Lorraine Close is among a group of 20 extraordinary clinical nurse leaders to have been awarded the prestigious title of Queen’s Nurse.
Lorraine Close was selected earlier this year to take part in a nine-month development programme run by the Queen’s Nursing Institute Scotland (QNIS).
The Outreach Director at Edinburgh Community Yoga, was nominated for working tirelessly to promote the importance of trauma informed approaches when working with people affected by addiction and poor mental health, taking a particular interest in low socio-economical and under-resourced communities.
After completing the programme successfully, Miss Lorraine Close was awarded the historic Queen’s Nurse title along with 19 other community nurses and midwives at a ceremony staged on Friday (2 December) evening at the Sheraton Grand Hotel in Edinburgh.
Queen’s Nursing in Scotland dates back to the late 19th century, when nurses completed specific training which allowed them to work as district nurses. They provided healthcare and health promotion to people in their own homes and became well respected figures within their community.
Following the introduction of a national certificate for district nursing, QNIS ceased training, awarding the original QN District Nursing title for the final time in 1969.
However, the decision was made to reintroduce the Queen’s Nurse title to Scotland in 2017, with 20 community nurses chosen to take part in a transformational development programme which would see them become the first modern Queen’s Nurses, representing the range of contemporary community nursing and midwifery roles.
Nurses are selected by employer nomination, and subsequent panel interviews for their clinical expertise and compassionate care.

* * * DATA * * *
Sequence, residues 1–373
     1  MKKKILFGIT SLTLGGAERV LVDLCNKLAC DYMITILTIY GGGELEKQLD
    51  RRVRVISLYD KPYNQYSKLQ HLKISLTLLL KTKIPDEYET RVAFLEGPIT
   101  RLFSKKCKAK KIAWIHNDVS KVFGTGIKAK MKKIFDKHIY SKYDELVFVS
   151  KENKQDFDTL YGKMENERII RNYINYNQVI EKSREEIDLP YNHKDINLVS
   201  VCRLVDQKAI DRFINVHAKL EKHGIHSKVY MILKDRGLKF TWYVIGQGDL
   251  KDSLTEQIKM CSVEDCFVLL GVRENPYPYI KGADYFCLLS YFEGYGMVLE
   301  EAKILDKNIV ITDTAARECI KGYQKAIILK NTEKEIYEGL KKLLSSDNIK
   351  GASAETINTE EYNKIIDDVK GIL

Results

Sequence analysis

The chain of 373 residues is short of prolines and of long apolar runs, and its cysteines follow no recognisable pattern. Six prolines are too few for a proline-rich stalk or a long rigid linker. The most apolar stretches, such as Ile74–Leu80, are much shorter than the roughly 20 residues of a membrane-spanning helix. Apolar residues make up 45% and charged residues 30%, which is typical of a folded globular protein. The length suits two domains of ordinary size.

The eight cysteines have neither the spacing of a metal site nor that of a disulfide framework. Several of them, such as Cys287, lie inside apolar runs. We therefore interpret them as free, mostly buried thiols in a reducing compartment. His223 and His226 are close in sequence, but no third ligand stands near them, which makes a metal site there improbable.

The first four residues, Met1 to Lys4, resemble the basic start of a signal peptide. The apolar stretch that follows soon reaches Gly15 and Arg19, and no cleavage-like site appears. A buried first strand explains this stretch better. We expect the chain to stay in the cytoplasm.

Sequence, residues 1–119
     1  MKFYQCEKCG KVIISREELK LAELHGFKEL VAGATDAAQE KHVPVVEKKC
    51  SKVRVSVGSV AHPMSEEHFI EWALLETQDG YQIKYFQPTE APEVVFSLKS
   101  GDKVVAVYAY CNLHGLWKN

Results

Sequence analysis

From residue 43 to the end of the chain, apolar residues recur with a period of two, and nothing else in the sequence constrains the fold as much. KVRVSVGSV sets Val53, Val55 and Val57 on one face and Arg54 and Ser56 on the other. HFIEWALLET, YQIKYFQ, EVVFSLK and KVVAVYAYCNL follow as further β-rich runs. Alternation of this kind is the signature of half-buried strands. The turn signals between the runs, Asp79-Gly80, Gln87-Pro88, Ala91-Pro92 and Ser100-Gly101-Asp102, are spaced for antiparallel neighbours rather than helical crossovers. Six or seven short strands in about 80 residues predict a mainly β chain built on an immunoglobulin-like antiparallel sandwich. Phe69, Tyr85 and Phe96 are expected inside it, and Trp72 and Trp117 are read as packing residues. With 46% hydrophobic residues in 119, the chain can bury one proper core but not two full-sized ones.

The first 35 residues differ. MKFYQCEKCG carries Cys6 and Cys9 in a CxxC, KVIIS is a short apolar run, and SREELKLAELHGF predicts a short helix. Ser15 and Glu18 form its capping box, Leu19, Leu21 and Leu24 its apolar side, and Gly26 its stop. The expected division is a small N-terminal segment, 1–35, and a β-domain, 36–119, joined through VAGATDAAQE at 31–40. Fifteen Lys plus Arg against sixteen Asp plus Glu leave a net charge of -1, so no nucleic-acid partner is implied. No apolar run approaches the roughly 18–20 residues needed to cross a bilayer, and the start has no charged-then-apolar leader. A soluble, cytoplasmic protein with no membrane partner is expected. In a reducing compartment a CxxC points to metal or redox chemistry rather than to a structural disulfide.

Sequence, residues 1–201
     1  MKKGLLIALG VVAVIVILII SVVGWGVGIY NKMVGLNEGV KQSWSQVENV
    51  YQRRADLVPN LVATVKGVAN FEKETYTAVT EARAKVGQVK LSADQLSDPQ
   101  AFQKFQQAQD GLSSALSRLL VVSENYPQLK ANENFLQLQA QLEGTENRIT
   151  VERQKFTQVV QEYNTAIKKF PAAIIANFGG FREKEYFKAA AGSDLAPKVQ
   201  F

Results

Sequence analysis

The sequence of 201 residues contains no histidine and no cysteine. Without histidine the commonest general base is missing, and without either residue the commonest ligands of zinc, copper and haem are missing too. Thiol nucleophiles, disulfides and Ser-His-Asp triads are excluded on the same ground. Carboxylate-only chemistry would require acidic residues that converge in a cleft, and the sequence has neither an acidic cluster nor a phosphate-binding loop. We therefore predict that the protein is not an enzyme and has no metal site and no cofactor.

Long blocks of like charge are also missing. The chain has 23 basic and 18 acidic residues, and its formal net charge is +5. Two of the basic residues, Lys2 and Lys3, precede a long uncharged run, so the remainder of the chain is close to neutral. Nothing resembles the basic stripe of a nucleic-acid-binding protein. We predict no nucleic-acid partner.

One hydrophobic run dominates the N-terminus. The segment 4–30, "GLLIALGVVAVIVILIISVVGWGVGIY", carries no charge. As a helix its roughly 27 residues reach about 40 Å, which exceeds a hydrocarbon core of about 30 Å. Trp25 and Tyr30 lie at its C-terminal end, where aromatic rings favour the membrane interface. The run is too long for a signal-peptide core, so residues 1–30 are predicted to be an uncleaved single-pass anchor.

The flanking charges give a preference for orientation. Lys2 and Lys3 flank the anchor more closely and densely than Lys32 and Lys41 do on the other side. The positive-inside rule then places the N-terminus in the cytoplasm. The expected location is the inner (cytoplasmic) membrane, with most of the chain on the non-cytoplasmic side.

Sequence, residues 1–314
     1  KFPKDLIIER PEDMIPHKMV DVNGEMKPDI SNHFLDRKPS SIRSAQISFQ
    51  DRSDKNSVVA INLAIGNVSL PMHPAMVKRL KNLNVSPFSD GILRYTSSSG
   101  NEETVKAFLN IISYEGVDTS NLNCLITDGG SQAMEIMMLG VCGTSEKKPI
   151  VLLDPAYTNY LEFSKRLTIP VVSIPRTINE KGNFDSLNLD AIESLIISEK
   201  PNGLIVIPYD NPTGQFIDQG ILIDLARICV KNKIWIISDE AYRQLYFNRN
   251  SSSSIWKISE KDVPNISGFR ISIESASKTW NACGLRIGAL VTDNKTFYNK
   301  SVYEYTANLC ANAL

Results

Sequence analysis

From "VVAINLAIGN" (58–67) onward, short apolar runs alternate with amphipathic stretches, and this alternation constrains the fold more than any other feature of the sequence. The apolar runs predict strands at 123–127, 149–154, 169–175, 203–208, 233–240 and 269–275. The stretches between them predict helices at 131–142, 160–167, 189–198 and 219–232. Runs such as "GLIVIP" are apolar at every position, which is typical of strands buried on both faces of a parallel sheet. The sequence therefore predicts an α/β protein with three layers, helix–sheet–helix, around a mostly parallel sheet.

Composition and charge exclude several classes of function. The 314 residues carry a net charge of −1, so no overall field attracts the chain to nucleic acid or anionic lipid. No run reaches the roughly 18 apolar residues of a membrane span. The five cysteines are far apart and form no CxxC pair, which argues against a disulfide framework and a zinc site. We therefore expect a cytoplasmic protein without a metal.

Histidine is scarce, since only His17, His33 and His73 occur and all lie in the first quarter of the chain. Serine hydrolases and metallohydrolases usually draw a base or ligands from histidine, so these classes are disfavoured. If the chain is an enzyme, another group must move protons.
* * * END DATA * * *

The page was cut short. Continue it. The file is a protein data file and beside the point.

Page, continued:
This year, 20 community nurses were selected to complete the nine-month programme which consists of a week-long residential workshop followed by two further workshops and individual coaching sessions.
The programme requires them to choose an issue for development which will have a significant impact on those they care for, so that the learning during the nine months is applied in practice.
Other community nurses in the group include a Neurology Nurse Specialist for Parkinson’s and Huntington’s, a community Children’s Nursing Team Leader and an Advanced Nurse Practitioner working on an Orcadian island.
Nurses provide a wide range of support to the people in their communities including complex care for older people, support for substance misuse and advocacy for people with learning disabilities.
Those working in community mental health, district nursing, school nursing, care home nursing and health visiting are also part of the group.
At Friday’s formal ceremony, each nurse received a Queen’s Nurse badge, designed by Silversmiths Ortak, a certificate, and a specially commissioned Harris Tweed sash or tie, presented by Chief Nursing Officer Professor Alex McMahon
Clare Cable, QNIS Chief Executive and Nurse Director, said:
“These 20 exceptional individuals can be deservedly proud of being awarded this prestigious title.
From the late 1880s, Queen’s Nurses were social reformers who were taking public health into people’s homes to help families take better care of themselves. The modern Queen’s Nurses are building on this proud heritage – sharing this pioneering spirit to improve the health and wellbeing of the communities of Scotland.
Their roles vary, from bringing care to some of society’s most vulnerable and marginalised groups to supporting people in mental distress or end of life care.
They represent the geography of Scotland, from rural communities and small islands to concentrated areas within the big cities, but they all demonstrate nursing excellence which makes a real difference to the lives of the people they work with.”